An alternative to single-use plastic that is made from organic fish waste ordinarily destined for landfill or incineration has won the 2019 international James Dyson Award.
MarinaTex was created by Lucy Hughes from the University of Sussex (UK) and is a bioplastic made of organic fish waste ordinarily destined for landfill or incineration and locally sourced red algae.
The aim of the material is to help solve the problem of single-use plastic by harnessing organic waste from the fish processing industry to create a unique plastic alternative.
MarinaTex is a translucent and flexible sheet material, making it an ideal alternative material for single-use packaging.
MarinaTex elegantly solves two problems: the ubiquity of single-use plastic and fish waste
While it may look and feel like plastic, its similarities end there. Using a unique formula of red algae to bind the proteins extracted from fish waste, MarinaTex has strong overlapping bonds giving it strength and flexibility.
The material is relatively resource-light, requiring little energy to produce. It biodegrades after four to six weeks, is suitable for home composting and does not leach toxins, removing the need for its own national waste management infrastructure.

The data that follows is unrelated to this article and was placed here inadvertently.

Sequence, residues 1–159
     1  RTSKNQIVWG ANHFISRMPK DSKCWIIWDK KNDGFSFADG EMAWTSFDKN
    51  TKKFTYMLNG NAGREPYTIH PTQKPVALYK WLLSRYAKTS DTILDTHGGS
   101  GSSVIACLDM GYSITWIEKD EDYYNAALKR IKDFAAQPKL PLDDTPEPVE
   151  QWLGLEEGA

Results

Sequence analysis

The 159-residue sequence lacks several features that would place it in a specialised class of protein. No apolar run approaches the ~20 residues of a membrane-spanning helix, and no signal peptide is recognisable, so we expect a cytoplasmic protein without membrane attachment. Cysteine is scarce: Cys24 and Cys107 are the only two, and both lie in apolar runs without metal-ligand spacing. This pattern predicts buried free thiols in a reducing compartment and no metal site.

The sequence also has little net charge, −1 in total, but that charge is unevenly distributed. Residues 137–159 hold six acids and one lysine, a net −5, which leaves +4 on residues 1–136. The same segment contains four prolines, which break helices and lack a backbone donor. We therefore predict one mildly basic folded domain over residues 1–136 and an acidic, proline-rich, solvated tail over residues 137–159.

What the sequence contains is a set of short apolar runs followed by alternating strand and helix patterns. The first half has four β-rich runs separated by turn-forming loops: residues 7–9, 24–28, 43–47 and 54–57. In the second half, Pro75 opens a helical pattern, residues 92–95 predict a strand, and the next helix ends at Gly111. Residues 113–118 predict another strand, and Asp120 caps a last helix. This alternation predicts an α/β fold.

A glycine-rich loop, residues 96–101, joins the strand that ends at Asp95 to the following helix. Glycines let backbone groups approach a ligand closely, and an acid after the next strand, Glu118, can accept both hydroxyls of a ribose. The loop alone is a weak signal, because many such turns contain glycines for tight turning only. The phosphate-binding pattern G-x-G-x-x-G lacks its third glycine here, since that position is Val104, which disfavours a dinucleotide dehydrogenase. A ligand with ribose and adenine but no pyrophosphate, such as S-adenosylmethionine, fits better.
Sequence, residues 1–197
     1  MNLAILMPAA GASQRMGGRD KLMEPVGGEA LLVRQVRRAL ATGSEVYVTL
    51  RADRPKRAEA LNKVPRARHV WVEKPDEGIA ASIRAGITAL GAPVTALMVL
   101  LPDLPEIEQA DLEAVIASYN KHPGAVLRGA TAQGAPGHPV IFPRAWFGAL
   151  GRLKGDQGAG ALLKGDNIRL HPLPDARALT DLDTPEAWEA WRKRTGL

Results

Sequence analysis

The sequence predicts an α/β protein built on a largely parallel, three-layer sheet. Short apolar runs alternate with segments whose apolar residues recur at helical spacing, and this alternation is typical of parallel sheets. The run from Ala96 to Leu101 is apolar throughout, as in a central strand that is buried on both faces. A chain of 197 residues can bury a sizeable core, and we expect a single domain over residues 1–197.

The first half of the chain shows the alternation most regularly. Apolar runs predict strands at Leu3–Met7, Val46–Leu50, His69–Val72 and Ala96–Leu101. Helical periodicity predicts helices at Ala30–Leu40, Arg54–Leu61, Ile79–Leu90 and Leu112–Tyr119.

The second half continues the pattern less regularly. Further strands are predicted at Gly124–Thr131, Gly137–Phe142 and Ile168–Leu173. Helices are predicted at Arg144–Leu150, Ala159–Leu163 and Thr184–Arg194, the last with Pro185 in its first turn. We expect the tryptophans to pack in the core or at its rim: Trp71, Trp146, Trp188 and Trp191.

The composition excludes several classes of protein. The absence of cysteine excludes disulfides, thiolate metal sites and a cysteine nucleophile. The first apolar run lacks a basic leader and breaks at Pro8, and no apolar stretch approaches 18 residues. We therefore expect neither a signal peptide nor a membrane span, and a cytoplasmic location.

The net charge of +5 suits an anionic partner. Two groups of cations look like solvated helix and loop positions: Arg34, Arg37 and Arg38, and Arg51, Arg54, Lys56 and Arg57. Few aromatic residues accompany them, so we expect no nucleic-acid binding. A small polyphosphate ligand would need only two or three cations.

As MarinaTex uses byproducts from the fishing industry, it also helps to close the loop of an existing waste stream for a more circular product lifespan.
According to Lucy, one Atlantic cod could generate as much organic waste needed to make 1,400 bags of MarinaTex.
Sir James Dyson, Founder, said: “The James Dyson Award received some thought-provoking ideas this year – and more female entrants than ever – making the judging very difficult.
“Ultimately, we decided to pick the idea the world could least do without. MarinaTex elegantly solves two problems: the ubiquity of single-use plastic and fish waste.”
As international winner, Lucy will receive £30,000. Lucy aims to commercialise her invention sustainably, using her award money for further research into how MarinaTex can become a global answer to the abundance of plastic waste while still harnessing local solutions.
Lucy said: “I’m so delighted that MarinaTex has been recognised by the James Dyson Award. The invention is still in its infancy and I never thought it would make it to this stage, so it’s really encouraging to have the potential of the material acknowledged by such a prestigious award.
“I’m excited to now have the chance to undertake further research and development to explore all of the possible uses of MarinaTex, taking into account form, function and footprint.”
The James Dyson Award is an international design award that celebrates, encourages and inspires the next generation of design engineers.
It’s open to current and recent design engineering students, and is run by the James Dyson Foundation, James Dyson’s charitable trust, as part of its mission to get young people excited about design engineering.